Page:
In article <43FAC87C.8000009 / capitain.de>,
Pit Capitain  <pit / capitain.de> wrote:
>Phil Tomson schrieb:
>> Well, it's a bit strange in the example above.  Really what I want is for it to 
>> be method-level, I suppose.  Recall that I showed an alternative where the user 
>> actually defines the initialize method explicitly:
>> 
>>    #....
>>    def initialize
>>       count = 0
>>       define_behvior {
>>         #...do something with count ...
>>       }
>>    end
>
>Hi Phil, sorry for the late reply. I had to implement part of the code 
>to understand why you can't use accessor methods for variables. Accessor 
>methods for inputs and outputs are no problem because you just read from 
>the inputs and set the outputs with a method call (<<). The problem with 
>variables is that you want to be able to set them via assignment, and 
>for Ruby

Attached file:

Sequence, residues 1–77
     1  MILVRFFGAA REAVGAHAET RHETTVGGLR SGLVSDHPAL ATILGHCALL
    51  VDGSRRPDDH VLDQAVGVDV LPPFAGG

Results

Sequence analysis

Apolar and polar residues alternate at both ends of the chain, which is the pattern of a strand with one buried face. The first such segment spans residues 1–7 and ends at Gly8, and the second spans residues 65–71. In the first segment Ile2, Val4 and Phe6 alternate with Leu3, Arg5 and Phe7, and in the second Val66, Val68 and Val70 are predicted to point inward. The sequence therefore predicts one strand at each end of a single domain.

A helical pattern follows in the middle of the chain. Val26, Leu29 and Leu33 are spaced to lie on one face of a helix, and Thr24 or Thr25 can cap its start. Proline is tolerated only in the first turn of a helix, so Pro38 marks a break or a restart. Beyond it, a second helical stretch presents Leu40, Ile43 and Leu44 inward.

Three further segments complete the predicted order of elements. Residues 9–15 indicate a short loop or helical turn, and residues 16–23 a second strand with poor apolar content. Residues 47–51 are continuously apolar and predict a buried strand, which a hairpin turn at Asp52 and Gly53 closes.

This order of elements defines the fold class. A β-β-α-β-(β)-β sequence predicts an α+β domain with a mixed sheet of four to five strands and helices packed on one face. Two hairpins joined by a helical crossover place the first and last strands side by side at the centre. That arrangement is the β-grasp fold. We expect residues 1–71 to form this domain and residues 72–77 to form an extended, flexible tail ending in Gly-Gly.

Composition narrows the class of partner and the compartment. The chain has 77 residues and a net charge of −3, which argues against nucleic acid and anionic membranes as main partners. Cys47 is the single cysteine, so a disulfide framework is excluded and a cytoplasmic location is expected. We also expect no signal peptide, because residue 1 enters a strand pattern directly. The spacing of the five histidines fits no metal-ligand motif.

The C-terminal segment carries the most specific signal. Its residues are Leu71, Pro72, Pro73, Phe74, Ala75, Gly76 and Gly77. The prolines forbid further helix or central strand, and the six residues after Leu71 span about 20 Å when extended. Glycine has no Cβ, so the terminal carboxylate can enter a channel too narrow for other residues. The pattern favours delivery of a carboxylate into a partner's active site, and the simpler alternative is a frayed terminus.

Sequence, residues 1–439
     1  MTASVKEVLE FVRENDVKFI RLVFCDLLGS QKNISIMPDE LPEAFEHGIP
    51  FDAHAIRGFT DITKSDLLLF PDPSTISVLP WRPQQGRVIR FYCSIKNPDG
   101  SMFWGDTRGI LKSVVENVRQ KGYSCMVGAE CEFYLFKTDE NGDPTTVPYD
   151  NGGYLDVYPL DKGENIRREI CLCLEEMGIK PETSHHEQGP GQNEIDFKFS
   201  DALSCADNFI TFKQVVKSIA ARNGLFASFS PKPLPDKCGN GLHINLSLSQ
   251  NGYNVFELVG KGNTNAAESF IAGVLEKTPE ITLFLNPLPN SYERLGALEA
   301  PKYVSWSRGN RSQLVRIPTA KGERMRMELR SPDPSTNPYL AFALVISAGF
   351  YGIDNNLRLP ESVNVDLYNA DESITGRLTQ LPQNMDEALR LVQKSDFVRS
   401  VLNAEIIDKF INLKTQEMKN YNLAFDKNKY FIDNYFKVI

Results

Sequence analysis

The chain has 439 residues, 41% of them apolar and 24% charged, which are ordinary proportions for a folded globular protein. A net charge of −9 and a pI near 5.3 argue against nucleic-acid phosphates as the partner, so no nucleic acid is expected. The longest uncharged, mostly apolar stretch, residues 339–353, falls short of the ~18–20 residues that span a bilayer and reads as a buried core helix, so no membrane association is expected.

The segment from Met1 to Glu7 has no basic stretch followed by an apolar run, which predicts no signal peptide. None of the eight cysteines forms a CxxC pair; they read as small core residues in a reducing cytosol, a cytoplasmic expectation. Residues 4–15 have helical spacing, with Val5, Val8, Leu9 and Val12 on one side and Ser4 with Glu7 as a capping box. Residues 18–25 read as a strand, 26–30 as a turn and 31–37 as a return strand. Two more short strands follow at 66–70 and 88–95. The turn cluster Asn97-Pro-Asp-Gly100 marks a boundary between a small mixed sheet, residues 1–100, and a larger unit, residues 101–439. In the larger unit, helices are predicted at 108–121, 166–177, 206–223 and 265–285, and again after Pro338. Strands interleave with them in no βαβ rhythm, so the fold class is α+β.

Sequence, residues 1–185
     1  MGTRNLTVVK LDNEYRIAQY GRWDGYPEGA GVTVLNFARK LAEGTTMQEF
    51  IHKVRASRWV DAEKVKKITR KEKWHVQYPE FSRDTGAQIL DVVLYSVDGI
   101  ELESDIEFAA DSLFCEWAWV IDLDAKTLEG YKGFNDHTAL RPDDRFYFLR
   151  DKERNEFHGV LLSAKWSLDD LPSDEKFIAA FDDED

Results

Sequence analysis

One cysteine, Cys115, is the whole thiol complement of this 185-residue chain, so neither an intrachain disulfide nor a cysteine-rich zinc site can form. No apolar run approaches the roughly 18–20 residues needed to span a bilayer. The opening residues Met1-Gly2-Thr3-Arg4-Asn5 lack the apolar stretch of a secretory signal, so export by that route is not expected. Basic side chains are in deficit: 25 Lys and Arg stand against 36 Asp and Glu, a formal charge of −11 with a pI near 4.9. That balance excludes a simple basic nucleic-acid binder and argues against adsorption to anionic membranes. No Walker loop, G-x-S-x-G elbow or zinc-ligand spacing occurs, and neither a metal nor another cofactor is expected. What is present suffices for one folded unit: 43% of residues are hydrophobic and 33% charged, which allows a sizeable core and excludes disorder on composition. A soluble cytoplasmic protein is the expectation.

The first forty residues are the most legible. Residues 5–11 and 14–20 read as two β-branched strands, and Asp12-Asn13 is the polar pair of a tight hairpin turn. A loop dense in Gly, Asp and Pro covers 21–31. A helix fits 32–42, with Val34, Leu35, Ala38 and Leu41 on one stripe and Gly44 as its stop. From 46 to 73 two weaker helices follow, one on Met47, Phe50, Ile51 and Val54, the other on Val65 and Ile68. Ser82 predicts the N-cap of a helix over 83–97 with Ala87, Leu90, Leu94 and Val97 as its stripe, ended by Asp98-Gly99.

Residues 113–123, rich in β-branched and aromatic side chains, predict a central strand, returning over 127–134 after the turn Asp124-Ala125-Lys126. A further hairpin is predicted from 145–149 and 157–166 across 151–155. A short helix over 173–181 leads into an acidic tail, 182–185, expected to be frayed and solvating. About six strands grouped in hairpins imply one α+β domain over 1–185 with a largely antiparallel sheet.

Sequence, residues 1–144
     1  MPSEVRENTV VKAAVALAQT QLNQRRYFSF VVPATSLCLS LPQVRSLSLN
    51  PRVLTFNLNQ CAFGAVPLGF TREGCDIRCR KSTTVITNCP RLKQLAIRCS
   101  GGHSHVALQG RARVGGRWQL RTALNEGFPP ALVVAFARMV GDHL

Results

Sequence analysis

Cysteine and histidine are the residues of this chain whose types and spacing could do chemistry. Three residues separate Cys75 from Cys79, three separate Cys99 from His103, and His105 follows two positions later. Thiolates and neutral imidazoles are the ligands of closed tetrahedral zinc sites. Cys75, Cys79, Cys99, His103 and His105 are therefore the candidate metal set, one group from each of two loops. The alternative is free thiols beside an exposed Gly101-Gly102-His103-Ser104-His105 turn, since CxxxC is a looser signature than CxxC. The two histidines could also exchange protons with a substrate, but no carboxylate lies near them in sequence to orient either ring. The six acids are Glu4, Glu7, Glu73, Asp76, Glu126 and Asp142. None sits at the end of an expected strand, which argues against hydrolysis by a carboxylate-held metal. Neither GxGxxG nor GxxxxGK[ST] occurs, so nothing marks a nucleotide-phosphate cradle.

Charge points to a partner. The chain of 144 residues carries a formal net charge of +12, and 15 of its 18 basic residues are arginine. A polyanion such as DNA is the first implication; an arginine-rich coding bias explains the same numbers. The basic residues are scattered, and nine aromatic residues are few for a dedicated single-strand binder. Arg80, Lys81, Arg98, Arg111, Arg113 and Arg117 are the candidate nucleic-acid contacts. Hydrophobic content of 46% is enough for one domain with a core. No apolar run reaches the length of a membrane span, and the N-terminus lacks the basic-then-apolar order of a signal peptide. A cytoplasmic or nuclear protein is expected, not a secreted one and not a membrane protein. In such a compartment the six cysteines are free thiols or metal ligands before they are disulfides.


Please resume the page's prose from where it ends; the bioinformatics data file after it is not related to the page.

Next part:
>
>   variable = value
>
>never is a method call. You could write
>
>   self.variable = value
>
>or use other methods to set the value of a variable, but with assignment 
>  you have to use local variables, like you've shown in the explicit 
>initialize method above.
>

Right.  Here's what I finally came up with:

  class AndGate < RHDL
    inputs :a, :b
    outputs :out
    init {
      somevar = 0
      define_behavior {
        out << (a & b)
        puts "somevar is: #{somevar}"
        somevar +=1
      }
    }
  end

So the 'init' method allows a place to 'declare' variables which will also be 
available to the define_behavior block.  The advantage of this over the 
explicit initialize is that there is no repetition of information (you'd have 
to pass the inputs and outputs to the initialize method) as I generate the 
initialize method so that given the above description, the AndGate could be 
used as:

  sa = Sig.new(Bit(0))
  sb = Sig.new(Bit(0))
  sout= Sig.new(Bit())

  a = AndGate.new(sa,sb,sout) #initialize was automatically generated

also, the 'init' block is optional.  If you have no variables to initialize 
then you don't need it:

  class AndGate < RHDL
    inputs  :a, :b
    outputs :out
    define_behavior {
      out << (a & b)
    }
  end

BTW: I'm thinking of using '<=' for assignment instead of '<<' since '<=' has 
lower precedence than '<<' and that would allow:
  out <= a & b  #parens not required

I still wish we had a ':=' operator that could be defined that would have the 
same precedense as '='.

Phil